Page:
By Rachel Foster
CCC Journalism Program
BLACKWOOD – Bernadette Gismonde is working on expanding the Garden State Pathways program at Camden County College.
Garden State Pathways works with students with intellectual and cognitive disabilities. The students attend college and work toward a certificate in post-secondary studies. Gismonde explains the students are “given the opportunity to come to college as a traditional student would, interact with peers of their own age, and be in a least restrictive environment while working towards a certificate, but are also building social skills, self-esteem and self-determination.”
In expanding the program, Gismonde hopes to allow in not only those who meet an intellectually disabled criterion, but she hopes to open up the program to students with autism. Gismonde plans to have students take the placement test in the improved Garden State Pathways. This year, Gismonde allowed students to take classes at a part-time level, which previously could not be done.
Gismonde has been working at Camden County College for three years but has had numerous jobs before this one, such as working with drug and alcohol treatment for children, adoption and a job at Bancroft. Gismonde always wanted to work in social work, but after she worked at a DYFS-like organization in Pennsylvania, she knew working with abused children would be too hard on her. She moved back to New Jersey and started working in the disabilities field and has been working in the field ever since.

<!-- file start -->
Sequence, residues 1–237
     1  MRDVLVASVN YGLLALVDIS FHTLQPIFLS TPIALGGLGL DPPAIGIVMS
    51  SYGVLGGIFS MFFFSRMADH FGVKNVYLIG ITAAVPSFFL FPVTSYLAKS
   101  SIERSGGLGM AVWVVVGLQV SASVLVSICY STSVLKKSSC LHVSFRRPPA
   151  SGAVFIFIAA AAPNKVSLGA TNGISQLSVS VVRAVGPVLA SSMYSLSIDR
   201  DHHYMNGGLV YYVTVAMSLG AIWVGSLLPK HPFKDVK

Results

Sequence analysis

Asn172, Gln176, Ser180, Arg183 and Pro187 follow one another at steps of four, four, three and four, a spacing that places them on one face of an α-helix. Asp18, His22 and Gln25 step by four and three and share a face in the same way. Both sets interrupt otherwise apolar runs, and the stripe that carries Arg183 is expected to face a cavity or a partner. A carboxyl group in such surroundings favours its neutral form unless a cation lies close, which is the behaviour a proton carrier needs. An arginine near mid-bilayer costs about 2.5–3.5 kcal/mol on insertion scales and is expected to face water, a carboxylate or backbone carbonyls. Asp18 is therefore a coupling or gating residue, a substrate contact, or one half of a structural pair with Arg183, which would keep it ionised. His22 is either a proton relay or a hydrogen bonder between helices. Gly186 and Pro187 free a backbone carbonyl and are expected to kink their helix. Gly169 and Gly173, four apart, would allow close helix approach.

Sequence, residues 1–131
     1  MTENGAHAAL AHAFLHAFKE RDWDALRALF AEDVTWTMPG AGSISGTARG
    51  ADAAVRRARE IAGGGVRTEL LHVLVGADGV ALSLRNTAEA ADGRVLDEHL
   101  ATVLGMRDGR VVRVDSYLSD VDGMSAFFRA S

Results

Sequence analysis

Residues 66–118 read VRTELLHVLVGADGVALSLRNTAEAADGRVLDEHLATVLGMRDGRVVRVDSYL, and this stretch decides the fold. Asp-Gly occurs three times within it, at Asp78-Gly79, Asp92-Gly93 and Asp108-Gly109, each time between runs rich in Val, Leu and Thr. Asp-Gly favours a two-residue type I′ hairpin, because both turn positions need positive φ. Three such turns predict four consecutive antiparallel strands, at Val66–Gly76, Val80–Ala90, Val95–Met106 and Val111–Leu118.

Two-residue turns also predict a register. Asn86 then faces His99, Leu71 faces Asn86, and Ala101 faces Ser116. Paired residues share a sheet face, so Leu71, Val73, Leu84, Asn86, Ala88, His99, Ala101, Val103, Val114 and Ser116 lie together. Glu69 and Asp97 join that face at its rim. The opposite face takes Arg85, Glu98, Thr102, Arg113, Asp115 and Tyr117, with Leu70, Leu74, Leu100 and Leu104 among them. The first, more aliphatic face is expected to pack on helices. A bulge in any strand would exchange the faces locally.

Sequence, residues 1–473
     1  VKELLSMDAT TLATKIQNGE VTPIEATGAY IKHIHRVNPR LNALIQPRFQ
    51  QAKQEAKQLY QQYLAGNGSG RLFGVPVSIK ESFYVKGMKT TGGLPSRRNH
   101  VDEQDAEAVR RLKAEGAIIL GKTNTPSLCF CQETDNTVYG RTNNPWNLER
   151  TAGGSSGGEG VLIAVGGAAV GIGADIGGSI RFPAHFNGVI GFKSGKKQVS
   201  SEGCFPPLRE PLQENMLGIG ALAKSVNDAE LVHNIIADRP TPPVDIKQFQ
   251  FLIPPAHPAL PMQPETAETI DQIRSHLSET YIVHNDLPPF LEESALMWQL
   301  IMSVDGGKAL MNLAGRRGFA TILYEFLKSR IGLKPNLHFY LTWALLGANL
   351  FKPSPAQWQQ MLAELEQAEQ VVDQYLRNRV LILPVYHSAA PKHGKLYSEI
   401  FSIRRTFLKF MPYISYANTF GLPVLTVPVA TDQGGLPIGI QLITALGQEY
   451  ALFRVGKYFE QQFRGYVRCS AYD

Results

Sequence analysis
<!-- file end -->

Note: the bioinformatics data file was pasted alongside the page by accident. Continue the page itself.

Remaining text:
Not only is Gismonde an adjunct at Camden County College, she also works at Salem Community College. As a part-time job, Gismonde is a counselor for juvenile sex offenders.
Gismonde graduated from Gloucester Catholic High School in 1981. After high school, Gismonde got her bachelor’s degree in social and human services at Duquesne University, although she did not declare her major until her last semester there. “My adviser did not like me, but I did not declare it, because I wasn’t sure.” Gismonde proceeded to get her master’s degree in counseling at Rowan University. She is working on getting her doctorate in educational leadership.
Gismonde’s secretary, Bernadette Stettler, says her boss is very knowledgeable. She is “willing to answer all kinds of questions for not just her students, but anyone with disabilities, and because she is so knowledgeable, I’ve learned a lot from her.”
Outside of work, Gismonde enjoys being outdoors and spending time with her recently retired husband, but her school work tends to take up a lot of her time.